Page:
A Poole-based environmental health officer added: “We give [the forms] continually to our legitimate guys, relatively few to small clam fishermen, some to merchants. But based on the volume of fish appearing, our documents issued wouldn't cover it. The fact that they are self completed means they are not very useful from an enforcement point of view.”

With illegal activity threatening the livelihood of legitimate and licensed shellfish harvesters, further measures are being considered to try to thwart the illicit trade, including the abolition of a loophole which allows up to 5kg of cockles to be gathered for personal use in some areas but is used as a cover for illicit harvesting.

Ian Japp, head of northern operations for the GLA, warned that as well as a public health risk raised by picking from unclassified beds, there was a risk to untrained and ill-equipped cocklers themselves. He said: “We are not seeing the levels of exploitation that we saw in 2004. We have been throwing resources at this issue and working alongside the cocklers themselves. But there is a lot of danger out there and because of the current economic climate, people will take unnecessary and incredible risks to get a few quid in their pockets.”

However, it is the threat of a major food poisoning outbreak that is the most serious concern for many of those involved in trying to police the shellfish rustling phenomenon.

One police wildlife liaison officer working with the Environment Agency said the major concern was that cockles gathered illicitly could be mixed in with legitimately caught shellfish. He said: “It’s like the E.coli case with [German beansprouts], in the event of a health scare, the cockle industry would have no idea where some of them came from.”

In 2011, a deadly E.coli outbreak – first blamed on cucumbers, later traced to German grown bean sprouts – killed at least 22 people and poisoned more than 2000 across Europe.

Shellfish are frequently associated with instances of food poisoning, particularly when eaten raw or inadequately cooked, as they ingest viruses and bacteria that are potentially harmful to humans.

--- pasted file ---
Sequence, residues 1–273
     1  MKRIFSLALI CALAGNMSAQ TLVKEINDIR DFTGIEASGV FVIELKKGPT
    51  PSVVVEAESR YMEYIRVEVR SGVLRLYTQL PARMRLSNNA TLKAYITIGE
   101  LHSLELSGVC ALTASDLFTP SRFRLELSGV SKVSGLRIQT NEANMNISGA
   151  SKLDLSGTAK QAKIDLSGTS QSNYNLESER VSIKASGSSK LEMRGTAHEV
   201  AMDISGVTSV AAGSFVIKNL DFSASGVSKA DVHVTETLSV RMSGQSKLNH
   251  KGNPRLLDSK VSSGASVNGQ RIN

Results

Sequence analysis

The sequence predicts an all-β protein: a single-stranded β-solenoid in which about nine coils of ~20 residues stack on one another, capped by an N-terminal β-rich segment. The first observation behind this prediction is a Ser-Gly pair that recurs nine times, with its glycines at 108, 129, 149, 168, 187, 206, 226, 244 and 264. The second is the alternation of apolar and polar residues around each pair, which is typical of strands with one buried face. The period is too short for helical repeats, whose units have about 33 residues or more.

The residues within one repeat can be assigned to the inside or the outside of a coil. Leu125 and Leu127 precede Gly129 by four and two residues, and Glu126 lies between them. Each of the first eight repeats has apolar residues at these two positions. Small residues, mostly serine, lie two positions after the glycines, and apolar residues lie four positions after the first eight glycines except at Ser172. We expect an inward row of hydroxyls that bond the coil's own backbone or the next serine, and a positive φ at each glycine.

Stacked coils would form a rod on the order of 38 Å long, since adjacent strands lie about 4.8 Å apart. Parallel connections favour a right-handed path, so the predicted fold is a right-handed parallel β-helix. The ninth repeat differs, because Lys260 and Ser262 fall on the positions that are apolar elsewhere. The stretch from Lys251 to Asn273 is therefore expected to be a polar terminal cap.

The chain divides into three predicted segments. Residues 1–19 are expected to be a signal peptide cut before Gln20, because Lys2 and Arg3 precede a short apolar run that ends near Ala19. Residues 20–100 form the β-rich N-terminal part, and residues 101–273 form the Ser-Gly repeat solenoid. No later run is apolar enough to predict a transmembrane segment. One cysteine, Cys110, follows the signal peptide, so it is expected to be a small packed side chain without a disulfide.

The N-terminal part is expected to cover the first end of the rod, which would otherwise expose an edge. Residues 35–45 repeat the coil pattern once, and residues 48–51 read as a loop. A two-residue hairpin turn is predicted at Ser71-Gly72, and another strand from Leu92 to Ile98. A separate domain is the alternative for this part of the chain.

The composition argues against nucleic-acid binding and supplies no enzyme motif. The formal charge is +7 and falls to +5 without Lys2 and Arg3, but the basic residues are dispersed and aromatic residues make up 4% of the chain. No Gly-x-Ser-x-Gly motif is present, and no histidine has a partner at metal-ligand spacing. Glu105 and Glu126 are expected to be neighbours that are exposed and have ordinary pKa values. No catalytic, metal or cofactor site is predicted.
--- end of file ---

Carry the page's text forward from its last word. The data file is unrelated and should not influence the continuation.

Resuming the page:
Last year, research by the FSA found traces of Norovirus in more than three-quarters of shellfish tested from UK beds, much of which is eliminated by treatment and cooking.

In 2009, the Michelin-starred Fat Duck restaurant, owned by celebrity chef Heston Blumenthal, was forced to close after more than 450 people fell ill with Norovirus. Raw oysters and clams were later identified by the Health Protection Agency as being the main source of the contamination. There is no suggestion that the shellfish had not been sourced from legitimate suppliers.

The Health Protection Agency said that at least 163 food poisoning outbreaks recorded between 1992 and 2010 were linked to shellfish and crustaceans. Research published in the journal Emerging Infectious Diseases in 2005 claimed that more than 77,000 cases of food-borne disease were linked to consumption of shellfish between 1996 and 2000.

Despite increased law enforcement action, there is little sign of problem diminishing.

In Merseyside and the Wirral, there are “chronic problems” with illegal harvesting. “We’ve had 80 people out there, with 4x4’s and quads,” a spokesman for the Mersey Port Health Authority said. “We get reports of between 10 and 15 tonnes [of cockles] being carted off the beach in one go.”

In one particularly audacious “harvest”, a gang of more than 50 people in a convoy of 4x4 vehicles carted off more than 10 tonnes of cockles from Wirral in August 2010. It is believed the haul was transported to Lincolnshire for processing.

The GLA this week warned it remained active in targeting illegal gangmasters. Last week, Peter Lackey, of Ulverston, Cumbria, was found guilty of acting as a gangmaster without a licence at Wirral Magistrates Court. Lackey was found to have been controlling a number of Chinese workers harvesting shellfish in the Dee Estuary in December 2010 and February 2011. On one occasion his vehicle, used to transport Chinese workers, became stranded in incoming waters and was later wrecked by seawater.

In a separate case, Vitalie Cacicovschi, from Portree, pleaded guilty to trading as an unlicensed gangmaster on the Isle of Skye. The prosecution was brought after 16 migrant workers, many of them Romanian, complained about their treatment whilst working as shellfish pickers.

Margaret McKinlay, GLA Chair said: “We are active in this industry, and will continue to be so. This is essential because those who break the law place the lives of individuals at risk.”